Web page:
Few things in life go better together than Halloween and candy, but there’s also a lot of competition out there for a candy company. Smarties decided to step up their game this year by pairing with several bloggers to share some DIY, smarter-than-average (get it?) costumes for kids.
Ad Age breaks down the campaign:
“The marketing push from Smarties, which makes its 15-piece rolls of colored candy tablets in New Jersey and Canada, focuses on DIY Halloween costumes from eight women (mostly moms) who blog about food, fashion, crafts, kids and more. They created costumes based on ‘smarties’ from history and the posts, collected on a Smarties microsite, include instructions on how to make them and text about their appreciation of the candy.”
Smarties is rolling out the blogger updates across social platforms, like Twitter:
— Smarties® (@Smarties) October 3, 2017
But so far only some of the bloggers have retweeted them and it doesn’t look like any have made social posts of their own about the campaign; a missed opportunity if it isn’t scheduled somewhere down the line.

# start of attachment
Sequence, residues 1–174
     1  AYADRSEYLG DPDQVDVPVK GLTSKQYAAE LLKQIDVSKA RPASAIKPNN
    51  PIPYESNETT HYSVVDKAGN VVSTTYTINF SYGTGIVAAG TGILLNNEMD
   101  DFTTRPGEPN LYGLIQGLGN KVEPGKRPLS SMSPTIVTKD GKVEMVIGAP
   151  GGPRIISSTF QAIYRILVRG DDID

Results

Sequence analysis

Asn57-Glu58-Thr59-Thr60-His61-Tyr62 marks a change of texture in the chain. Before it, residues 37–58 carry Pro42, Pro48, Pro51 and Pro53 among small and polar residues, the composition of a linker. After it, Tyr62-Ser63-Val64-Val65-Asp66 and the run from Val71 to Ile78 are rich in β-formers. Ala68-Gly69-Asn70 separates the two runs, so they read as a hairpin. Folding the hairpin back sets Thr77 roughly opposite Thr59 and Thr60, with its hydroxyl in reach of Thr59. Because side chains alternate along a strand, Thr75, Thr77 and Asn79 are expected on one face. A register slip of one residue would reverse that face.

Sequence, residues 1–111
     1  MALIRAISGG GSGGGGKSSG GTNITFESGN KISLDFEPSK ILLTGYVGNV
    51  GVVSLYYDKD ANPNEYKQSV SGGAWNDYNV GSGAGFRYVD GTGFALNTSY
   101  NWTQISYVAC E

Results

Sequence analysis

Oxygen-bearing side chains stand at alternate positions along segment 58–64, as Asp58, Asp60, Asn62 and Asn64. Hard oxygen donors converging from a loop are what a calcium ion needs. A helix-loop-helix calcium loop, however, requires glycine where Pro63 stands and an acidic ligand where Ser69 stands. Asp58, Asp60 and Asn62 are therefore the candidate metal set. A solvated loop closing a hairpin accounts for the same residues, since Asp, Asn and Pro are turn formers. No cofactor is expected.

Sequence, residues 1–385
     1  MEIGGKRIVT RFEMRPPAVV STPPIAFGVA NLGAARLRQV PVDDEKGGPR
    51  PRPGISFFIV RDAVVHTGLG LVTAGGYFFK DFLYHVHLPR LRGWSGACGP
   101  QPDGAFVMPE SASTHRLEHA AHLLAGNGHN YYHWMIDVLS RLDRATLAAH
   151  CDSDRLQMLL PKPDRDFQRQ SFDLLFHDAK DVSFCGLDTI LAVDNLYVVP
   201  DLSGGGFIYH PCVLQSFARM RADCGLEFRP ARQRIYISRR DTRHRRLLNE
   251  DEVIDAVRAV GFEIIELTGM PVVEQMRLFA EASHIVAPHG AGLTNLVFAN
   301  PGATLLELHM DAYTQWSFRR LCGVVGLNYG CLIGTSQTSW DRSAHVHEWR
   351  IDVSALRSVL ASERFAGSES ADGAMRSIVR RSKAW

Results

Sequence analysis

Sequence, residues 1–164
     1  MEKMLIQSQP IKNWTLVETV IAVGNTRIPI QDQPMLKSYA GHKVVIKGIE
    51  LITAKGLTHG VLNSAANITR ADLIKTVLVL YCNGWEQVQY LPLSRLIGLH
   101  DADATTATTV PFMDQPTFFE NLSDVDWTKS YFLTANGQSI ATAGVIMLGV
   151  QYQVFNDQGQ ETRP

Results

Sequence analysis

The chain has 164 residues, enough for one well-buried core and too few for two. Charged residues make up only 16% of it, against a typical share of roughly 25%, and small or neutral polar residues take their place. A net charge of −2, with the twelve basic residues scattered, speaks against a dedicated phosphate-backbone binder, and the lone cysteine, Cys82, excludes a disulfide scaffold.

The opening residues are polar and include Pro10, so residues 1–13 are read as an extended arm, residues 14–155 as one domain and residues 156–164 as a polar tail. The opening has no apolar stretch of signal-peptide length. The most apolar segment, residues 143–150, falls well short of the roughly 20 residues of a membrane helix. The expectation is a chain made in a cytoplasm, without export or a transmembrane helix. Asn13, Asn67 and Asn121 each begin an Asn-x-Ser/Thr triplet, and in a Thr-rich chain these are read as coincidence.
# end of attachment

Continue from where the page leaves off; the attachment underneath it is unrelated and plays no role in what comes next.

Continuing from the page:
The posts for the campaign are also the same for Facebook and Twitter, and the format suffers a little on Facebook, with hashtags only being clickable on their first instance and blogger names not being edited for the platform but copied over from Twitter:
This is why we recommend tweaking content for each platform; a little editing can make each post shine on each particular platform, inviting more engagement from your audience, fans and followers.
Overall, the core idea of this campaign was perfect: Smart costumes that can be made at home for kids for families who aspire to go outside of the store-bought costume route. It matches the spirit of the brand perfectly, and partnering with bloggers fits in with their recent marketing trend of promoting how allergy-friendly (gluten, nut and dairy-free) Smarties are.
The Twitter timelines of the bloggers Smarties are working with, however, are flooded with promotional brand posts which does take away some of the impact of the partnership. If bloggers (or other influencers) will work with just about any brand that makes an offer, their posts seem less sincere to their audiences and engagement is likely to suffer as a result.
While that may not be the case in this particular campaign, it’s worth pointing out for brands considering an influencer campaign and wondering which criteria are important in deciding who to work with.